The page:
It is through socialization and interaction that we learn culturally approved ways of satisfying these biopsychological needs. Of course, in American society many people have been so successful in satisfying the need for food and reduced energy expenditure that many of us are opting for restricted diets and exercise. That this goes counter to our biopsychological predisposition is evidenced by the fact that both take an extreme amount of discipline on the part of the individual (discipline that many of us are unable to master). That people are highly sexed cannot be denied when compared to other primates (though I understand that pygmy chimps make us look like pikers). That this sex drive is channeled by culture so that we learn varying ways of sexual satisfaction also is well established in the literature. Of the four needs, only one needs further explanation, the fourth or the need for affection. Goldschmidt (1990), an ecological anthropologist, believes that the human need for affection is so important that he makes it the centerpiece of his anthropology. Citing the work of Harlow (1959) on rhesus monkeys and Spitz (1965) on affect starved human infants he concludes that satisfaction of this need for affection is critical for both psychological and physical health. It is this affect need of infants that is the central mechanism in the socialization process in which the infant internalizes the culture of the group.

In adult life the affect need is satisfied through acquiring social prestige. "As I am using the term here, it is a quality a person has; a quality that is conferred upon him by others by virtue of his attributes, actions, competence, comportment and the like. It is not, of course, a finite quantity; one can have more or less of it; one can acquire some or lose a bit through performance or circumstances. In this definition, prestige adheres to the individual as a result of the evaluations made by the community, by his public; it does not inhere in the qualities or acts themselves. It is something the individual seeks, for having prestige conferred upon him serves his self-esteem, satisfies that need for positive affect that I see as so central an element in human sociality. Having achieved it by whatever means, an individual is most likely to want to advertise the fact, hence status symbols" (Goldschmidt, 1990, pp. 31-32). This need for prestige is universal, though what qualities or actions are awarded prestige varies from one culture to another or in the same culture through time--in effect, it varies with cultural values.  Individuals also vary in their talents, opportunities and commitments, hence the need for affect produces further social differentiation and inequality. But it is this need for affect that is behind the individual's compliance with sociocultural needs and demands. It is also the cohesive glue that keeps the individual committed to the community or subculture with whom he shares his values.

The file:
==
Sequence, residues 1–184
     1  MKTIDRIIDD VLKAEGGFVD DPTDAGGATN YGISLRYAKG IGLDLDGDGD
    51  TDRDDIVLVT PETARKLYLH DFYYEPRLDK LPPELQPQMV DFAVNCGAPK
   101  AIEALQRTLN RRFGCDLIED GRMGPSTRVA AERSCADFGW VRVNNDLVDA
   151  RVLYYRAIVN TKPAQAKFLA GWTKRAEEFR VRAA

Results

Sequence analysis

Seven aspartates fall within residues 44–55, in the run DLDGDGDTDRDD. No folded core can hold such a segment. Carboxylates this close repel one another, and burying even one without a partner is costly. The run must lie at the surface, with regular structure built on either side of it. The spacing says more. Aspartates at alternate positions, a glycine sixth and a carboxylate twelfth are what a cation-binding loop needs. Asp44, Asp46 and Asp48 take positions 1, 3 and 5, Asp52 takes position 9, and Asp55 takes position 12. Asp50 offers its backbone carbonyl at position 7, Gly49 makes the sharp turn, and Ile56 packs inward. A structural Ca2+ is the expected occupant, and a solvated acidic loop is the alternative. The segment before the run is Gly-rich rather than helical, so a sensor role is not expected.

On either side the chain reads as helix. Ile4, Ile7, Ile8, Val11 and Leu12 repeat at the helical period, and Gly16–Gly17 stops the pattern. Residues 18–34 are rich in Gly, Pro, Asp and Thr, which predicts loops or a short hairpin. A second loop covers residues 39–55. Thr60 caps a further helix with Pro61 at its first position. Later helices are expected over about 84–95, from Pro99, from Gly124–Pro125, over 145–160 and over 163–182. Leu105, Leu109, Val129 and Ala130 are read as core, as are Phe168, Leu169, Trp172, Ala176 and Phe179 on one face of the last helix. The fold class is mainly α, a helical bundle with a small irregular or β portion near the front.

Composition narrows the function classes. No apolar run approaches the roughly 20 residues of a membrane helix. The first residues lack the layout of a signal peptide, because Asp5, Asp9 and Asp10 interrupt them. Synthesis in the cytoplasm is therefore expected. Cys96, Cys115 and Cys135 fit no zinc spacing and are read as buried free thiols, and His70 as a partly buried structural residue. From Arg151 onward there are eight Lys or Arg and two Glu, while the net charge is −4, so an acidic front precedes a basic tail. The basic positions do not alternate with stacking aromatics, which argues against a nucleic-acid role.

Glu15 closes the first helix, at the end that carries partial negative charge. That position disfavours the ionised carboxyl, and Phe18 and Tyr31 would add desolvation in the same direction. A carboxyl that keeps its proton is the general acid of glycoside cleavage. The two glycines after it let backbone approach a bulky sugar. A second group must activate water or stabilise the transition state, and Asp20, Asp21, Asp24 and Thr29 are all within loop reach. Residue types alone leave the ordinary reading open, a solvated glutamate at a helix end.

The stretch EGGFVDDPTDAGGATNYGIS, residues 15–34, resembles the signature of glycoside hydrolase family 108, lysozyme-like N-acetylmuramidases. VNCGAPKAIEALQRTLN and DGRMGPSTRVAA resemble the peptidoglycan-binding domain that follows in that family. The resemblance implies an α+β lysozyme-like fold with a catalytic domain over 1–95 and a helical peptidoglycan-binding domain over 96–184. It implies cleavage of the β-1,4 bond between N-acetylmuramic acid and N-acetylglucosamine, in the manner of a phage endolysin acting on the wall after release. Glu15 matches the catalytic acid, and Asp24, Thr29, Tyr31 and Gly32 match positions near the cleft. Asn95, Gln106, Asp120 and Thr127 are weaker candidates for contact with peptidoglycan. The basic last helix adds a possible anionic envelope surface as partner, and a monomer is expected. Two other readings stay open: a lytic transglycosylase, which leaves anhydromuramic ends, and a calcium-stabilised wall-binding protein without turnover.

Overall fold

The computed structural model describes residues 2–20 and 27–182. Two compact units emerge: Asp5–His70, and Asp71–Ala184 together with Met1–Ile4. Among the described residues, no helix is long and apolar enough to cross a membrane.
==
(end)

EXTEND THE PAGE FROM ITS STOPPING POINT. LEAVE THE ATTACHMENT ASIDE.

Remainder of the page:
Finally, Goldschmidt introduces the concept of "career" to keep the focus on the individual as a motivated actor in the sociocultural system: "The individual career is the lifetime pursuit of satisfactions, both physical and social. The central feature of a career is a person's contribution to the production, protection and reproduction necessary for the community's continued existence, but it includes other valued activities that help to define the self in the context of the existing social order" (p. 3). While the focus of this work is on the sociocultural system of industrialism we will return to this concept of the human career in considering the interaction of this system with the individual.

Individual's meet their biopsychological needs through interaction with others, through sociocultural systems. The entire sociocultural system rests on the way society exploits its environment to meet the biopsychological needs of its population. While the needs are universal, the ways in which societies meet these needs as well as the extent to which these needs are met vary between societies and through time.

The Universal Structure of Sociocultural Systems

On the bottom of this page you will see a "map" that is at the center of this essay. All pages eventually lead to this map, the icon that will take you there looks like this: .The map represents the "Universal Structure of Sociocultural systems," meaning that all societies, from hunting and gathering through industrial are organized along the same lines--though the focus of this work is on industrial society.  By clicking over the map you can link to the details of the theory--both how society is structured (the rectangles on the map) and how it changes or evolves (the arrows) through time.

It has occurred to me that the web might be an ideal place to present a sociocultural theory in that the hyperlinks allow one to truly capture the system like character of society. But perhaps not.  So, you have an option.  Either use the map below to follow system connections or use the  button at the bottom of each page to follow the theory in a more traditional format.

The Universal Structure of Societies

Move the mouse over the outline and click for more details.




Should you wish to quote from this material the format should be as follows:
Elwell, Frank, 1999, Cultural Materialism: A Sociological Revision, Retrieved June 1, 2002 (use actual date),

 ©Frank Elwell, 1999
Return to Harris' Cutural Materialism